It's increasingly evident that BMW will offer all-electric versions of existing models, departing from its previous strategy of building dedicated plug-in models under the "i" sub-brand.
The carmaker has said it would add all-electric versions of the next-generation X3 crossover, as well as an unspecified Mini model.
The move comes as BMW seeks to add more electric cars to its lineup in short order, in efforts to compete with both its traditional German luxury rivals and Tesla Motors.
After multiple reports indicating it would introduce electric versions of existing models, BMW confirmed plans for the electric Mini and electric X3 to Reuters at the end of last month.
The news follows a report from the German newspaper Handelsblatt that had named the Mini Cooper as the specific Mini model slated for an electric powertrain, and claimed BMW would electrify not the X3 but instead its X4 crossover.
The X4 is essentially the same vehicle as the X3, but with somewhat different styling defined by a sloping, coupe-like roof line.
2016 BMW X3
BMW said the electric Mini would debut in about three years.
This model would follow in the tire tracks of the Mini E, an all-electric version of the second-generation BMW-designed Mini Cooper.
A small fleet of Mini Es loaned to customers around the world helped in early development of the BMW i3 electric car.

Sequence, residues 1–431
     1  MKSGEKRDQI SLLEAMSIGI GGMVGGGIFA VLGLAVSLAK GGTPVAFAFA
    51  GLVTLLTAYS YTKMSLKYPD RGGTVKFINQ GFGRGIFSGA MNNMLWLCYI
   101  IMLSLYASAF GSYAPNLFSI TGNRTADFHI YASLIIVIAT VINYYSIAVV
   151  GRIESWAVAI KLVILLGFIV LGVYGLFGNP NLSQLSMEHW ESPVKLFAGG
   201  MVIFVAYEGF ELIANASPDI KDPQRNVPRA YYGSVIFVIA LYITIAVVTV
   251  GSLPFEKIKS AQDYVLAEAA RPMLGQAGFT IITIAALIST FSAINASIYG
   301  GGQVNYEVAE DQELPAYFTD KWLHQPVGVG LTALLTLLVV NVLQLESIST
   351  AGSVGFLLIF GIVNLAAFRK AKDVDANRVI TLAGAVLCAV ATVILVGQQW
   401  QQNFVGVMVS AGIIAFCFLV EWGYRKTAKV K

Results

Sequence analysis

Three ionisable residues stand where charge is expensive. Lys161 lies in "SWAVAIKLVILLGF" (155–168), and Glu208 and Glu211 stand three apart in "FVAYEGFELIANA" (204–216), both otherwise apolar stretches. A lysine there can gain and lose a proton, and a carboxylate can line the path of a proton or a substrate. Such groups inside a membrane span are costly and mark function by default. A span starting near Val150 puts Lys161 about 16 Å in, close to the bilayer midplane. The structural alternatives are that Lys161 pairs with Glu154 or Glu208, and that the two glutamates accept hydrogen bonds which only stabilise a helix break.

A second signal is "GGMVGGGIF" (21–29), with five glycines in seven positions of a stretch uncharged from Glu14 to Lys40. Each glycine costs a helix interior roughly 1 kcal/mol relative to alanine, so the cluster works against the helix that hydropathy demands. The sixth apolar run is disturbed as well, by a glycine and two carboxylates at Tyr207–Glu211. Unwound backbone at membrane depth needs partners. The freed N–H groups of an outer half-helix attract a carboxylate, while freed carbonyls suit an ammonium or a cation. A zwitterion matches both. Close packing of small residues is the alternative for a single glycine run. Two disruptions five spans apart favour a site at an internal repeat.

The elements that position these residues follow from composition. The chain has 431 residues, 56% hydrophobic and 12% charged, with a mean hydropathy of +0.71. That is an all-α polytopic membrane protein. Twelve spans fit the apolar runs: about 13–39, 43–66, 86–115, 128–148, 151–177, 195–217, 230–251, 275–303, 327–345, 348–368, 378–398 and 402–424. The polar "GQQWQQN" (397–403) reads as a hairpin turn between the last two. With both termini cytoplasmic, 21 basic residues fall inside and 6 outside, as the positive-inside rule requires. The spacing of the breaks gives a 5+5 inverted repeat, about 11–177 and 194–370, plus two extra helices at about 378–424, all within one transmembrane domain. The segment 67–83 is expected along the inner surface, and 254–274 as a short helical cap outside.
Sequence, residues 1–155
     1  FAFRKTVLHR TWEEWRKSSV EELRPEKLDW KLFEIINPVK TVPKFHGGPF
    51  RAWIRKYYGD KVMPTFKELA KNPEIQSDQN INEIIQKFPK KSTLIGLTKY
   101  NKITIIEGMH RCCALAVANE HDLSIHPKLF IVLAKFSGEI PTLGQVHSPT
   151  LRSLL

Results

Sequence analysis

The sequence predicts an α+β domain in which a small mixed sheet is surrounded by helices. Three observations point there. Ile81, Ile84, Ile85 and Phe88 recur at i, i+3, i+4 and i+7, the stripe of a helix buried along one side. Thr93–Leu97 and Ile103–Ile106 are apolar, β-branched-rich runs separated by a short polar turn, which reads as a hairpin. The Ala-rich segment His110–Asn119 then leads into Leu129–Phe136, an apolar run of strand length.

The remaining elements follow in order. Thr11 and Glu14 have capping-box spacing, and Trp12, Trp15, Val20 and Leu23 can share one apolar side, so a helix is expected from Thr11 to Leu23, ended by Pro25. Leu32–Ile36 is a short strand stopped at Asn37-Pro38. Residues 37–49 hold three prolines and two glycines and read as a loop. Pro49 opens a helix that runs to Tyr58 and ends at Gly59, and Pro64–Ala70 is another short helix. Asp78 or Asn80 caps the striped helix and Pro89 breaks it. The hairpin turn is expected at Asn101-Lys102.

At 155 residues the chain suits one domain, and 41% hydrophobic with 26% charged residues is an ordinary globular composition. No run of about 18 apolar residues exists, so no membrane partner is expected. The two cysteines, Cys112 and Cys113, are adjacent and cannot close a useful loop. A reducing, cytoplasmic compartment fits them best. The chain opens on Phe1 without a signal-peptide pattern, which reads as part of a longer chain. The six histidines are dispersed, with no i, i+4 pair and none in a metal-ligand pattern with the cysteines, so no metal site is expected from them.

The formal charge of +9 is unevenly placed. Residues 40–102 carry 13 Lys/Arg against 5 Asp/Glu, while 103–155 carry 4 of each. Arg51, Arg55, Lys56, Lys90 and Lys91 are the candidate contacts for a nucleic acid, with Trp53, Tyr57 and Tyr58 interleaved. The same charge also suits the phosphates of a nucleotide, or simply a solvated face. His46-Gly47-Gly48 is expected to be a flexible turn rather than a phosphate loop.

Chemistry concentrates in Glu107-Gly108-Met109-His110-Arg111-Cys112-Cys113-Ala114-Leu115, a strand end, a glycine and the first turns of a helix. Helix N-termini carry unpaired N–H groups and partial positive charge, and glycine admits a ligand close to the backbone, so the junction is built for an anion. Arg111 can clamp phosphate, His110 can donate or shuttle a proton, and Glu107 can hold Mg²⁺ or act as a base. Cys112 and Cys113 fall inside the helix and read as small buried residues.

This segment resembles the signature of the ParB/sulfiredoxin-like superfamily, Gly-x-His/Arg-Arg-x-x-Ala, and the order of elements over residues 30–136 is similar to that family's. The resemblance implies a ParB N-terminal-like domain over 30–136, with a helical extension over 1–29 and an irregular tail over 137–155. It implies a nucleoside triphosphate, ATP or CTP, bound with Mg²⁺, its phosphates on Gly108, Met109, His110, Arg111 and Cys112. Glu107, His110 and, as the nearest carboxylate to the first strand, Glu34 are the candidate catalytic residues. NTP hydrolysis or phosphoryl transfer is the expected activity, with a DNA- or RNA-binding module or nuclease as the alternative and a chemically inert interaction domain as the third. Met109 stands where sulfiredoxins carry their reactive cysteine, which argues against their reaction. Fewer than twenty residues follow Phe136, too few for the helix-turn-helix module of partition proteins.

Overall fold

The electric Minis were followed by a similarly converted fleet of the BMW 1-Series coupe, which was known as the BMW ActiveE.
An electric X3 crossover utility would likely appear sometime after the launch of the next-generation gasoline and diesel versions, which are expected to go on sale next year as 2018 models.
As well as the X3 and Mini, it has been reported that an all-electric powertrain will be offered in the 3-Series—BMW's core model—as part of a 2018 redesign.
BMW already offers a plug-in hybrid version of the popular sport sedan, known as the 330e i Performance, but an all-electric version could compete directly with future smaller Tesla vehicles.
The 3-Series is close in size to the Tesla Model 3, the 215-mile, $35,000 electric sedan the Silicon Valley carmaker plans to put into production at the end of next year.
That model, whenever it appears, is to be followed by the Model Y, an all-electric crossover built on the same underpinnings.
Thus an all-electric BMW 3-Series would counter the Tesla Model 3, and an electric BMW X3 crossover would compete directly against the Tesla Model Y.
BMW is also expected to expand the "i" sub-brand with an extended-range electric crossover called the i5. Further down the road is a large flagship sedan, codenamed "iNext."
The i5 in particular is important because it would fill the significant price and range gap between the current i3 and i8, but it likely won't arrive until 2018.